Chinese travelers are understandably frustrated with this problem, but their collective anger has taken a turn for the worse. Physical altercations, as seen in the video above, and arguments between travelers and airline workers have been documented. The latest protest tactic enacted by the travelers affected by the prevalent delays are sit-ins: passengers have been refusing to leave grounded planes that were subject to delay until compensated for the inconvenience. On July 28 in Dalian, passengers on two separate planes allegedly refused to exit and stayed put in their seats instead.
But staging a sit-in or becoming aggressive toward airline employees isn’t going to affect the problem because the core of the problem is centered in the very infrastructure of Chinese air travel: poor management by airline operators. The Civil Aviation Administration of China (CAAC) has attributed a whopping 42 percent of delays to mismanaged operations of airline carriers –- a problem that trickles down to individual flights from the top of the corporate airline pyramid, not the other way around.
The problem has gotten so bad some airlines are training their crews to defend themselves.
When talking about airport security, we generally focus on what travelers are carrying, not what they’re wearing. But thanks to the TSA recently cracking down on passengers’ fashion choices, style is now a part of the airport security conversation. Forget regulations on liquids or weapons: the TSA’s new security threat is clothing, accessories and hairdos, or so they seem to think.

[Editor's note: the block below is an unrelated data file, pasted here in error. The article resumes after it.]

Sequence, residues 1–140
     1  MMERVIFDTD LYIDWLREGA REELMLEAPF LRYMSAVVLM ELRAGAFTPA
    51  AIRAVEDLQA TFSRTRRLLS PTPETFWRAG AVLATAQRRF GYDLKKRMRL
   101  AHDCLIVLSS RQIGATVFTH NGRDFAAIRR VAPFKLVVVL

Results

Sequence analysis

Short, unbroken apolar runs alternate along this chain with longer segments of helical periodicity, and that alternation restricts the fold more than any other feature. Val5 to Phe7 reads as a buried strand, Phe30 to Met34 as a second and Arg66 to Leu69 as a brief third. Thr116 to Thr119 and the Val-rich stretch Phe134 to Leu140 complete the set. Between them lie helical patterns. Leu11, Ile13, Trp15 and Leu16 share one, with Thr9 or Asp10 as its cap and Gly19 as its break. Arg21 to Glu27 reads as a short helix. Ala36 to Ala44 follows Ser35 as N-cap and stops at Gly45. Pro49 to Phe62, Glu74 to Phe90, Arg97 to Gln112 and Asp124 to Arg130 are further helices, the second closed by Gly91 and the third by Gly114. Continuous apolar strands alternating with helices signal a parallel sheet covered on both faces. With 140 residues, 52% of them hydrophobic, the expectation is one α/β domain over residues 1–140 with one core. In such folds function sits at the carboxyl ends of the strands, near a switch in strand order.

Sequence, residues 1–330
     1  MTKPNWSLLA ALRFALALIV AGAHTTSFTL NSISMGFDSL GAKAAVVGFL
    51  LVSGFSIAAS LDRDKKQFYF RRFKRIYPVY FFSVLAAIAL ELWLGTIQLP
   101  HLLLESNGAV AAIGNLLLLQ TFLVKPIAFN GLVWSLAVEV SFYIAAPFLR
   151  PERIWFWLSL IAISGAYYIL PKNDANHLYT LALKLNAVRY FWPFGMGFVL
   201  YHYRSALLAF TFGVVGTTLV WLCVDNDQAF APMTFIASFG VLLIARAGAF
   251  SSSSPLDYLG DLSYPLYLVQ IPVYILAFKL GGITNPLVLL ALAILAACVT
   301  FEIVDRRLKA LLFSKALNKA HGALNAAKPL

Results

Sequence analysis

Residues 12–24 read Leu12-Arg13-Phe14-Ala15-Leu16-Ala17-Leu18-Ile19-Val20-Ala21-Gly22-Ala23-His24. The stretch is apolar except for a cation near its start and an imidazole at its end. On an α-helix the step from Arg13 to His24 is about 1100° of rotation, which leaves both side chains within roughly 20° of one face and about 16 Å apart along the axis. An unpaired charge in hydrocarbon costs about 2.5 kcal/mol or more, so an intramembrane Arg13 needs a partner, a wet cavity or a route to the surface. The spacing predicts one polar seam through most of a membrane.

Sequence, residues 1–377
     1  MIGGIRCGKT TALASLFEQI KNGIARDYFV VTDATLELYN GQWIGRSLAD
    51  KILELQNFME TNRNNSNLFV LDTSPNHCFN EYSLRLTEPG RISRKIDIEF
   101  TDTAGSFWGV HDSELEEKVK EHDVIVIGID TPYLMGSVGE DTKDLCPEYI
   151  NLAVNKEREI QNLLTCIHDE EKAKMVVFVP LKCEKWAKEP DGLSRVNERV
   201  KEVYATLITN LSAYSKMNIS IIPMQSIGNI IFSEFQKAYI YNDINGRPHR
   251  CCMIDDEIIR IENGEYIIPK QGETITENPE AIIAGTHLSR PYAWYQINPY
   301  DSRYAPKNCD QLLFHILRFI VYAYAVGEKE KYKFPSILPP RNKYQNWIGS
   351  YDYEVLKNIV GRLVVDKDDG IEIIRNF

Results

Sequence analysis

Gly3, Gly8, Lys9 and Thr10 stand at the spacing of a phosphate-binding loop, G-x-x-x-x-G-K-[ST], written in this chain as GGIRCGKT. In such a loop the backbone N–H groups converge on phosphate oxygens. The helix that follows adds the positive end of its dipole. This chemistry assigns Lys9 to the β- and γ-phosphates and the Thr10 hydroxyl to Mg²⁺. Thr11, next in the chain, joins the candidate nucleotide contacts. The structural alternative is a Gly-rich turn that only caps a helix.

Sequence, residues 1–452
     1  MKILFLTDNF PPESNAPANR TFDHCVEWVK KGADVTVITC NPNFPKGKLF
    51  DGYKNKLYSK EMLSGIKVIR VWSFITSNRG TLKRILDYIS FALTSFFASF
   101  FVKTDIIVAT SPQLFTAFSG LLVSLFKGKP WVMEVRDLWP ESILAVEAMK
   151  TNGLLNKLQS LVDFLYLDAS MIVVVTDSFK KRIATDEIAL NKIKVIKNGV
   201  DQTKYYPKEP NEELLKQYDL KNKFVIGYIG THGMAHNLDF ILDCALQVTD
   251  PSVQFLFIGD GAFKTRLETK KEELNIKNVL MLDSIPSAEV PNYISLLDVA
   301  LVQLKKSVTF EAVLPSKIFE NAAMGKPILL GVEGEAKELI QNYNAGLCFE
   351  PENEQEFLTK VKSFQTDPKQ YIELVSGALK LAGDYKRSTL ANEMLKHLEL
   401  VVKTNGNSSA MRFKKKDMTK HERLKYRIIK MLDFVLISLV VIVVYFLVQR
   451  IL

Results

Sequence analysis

On July 16th, a TSA spokeswoman tweeted a photo of black pumps that had small replica guns as heels. The shoes were confiscated by the TSA at New York’s Laguardia Airport despite the fact that they could have been easily verified as non-weapons. Also in the tweeted photograph was a black belt lined with mock silver bullets. While mock weapons aren’t ever supposed to be admitted on planes, I have to wonder: how far does that regulation extend? Would a charm bracelet with a mock handgun be permitted?
The TSA’s fashion crackdown has also come to include dreadlocks. Numerous reports have surfaced involving hair searches if the passenger sports dreads. Other style conflicts include an instance in which a male TSA officer recently told a 15-year-old traveler to cover herself in a criticism of her tank top, leggings and button-down shirt (not that it matters; it’s not appropriate for a TSA officer to remark on the perceived modesty or lack thereof in regard to passenger clothing).The TSA’s Fashion Dont’s include (or seem to include):
- Don’t wear accessories that include mock weapons or accessories for weapons, no matter how small or obviously fake.
- Don’t wear loose head coverings, religious or otherwise.
- Don’t wear body piercings.
- Don’t wear thick shirts.
- Don’t wear studded clothing.
- Don’t have dreadlocks.
- Don’t wear tank tops.
- Do wear slip-on shoes.
- Do wear comfortable, layered clothing.
- Do remove as much jewelry beforehand as possible.
Have your fashion choices been judged by the TSA? Share your stories in the comments below.
A vacation to SeaWorld may not seem as innocent as it once may have with the release of ‘Blackfish.’ The documentary explores the case of Tilikum, an orca who killed three people in 2010, while also providing context and information on captive whales in general. Now that the movie is being screened to the public, the reviews are in, as well as the tweets:
What do you think? Are SeaWorld’s captivity policies cruel to animals?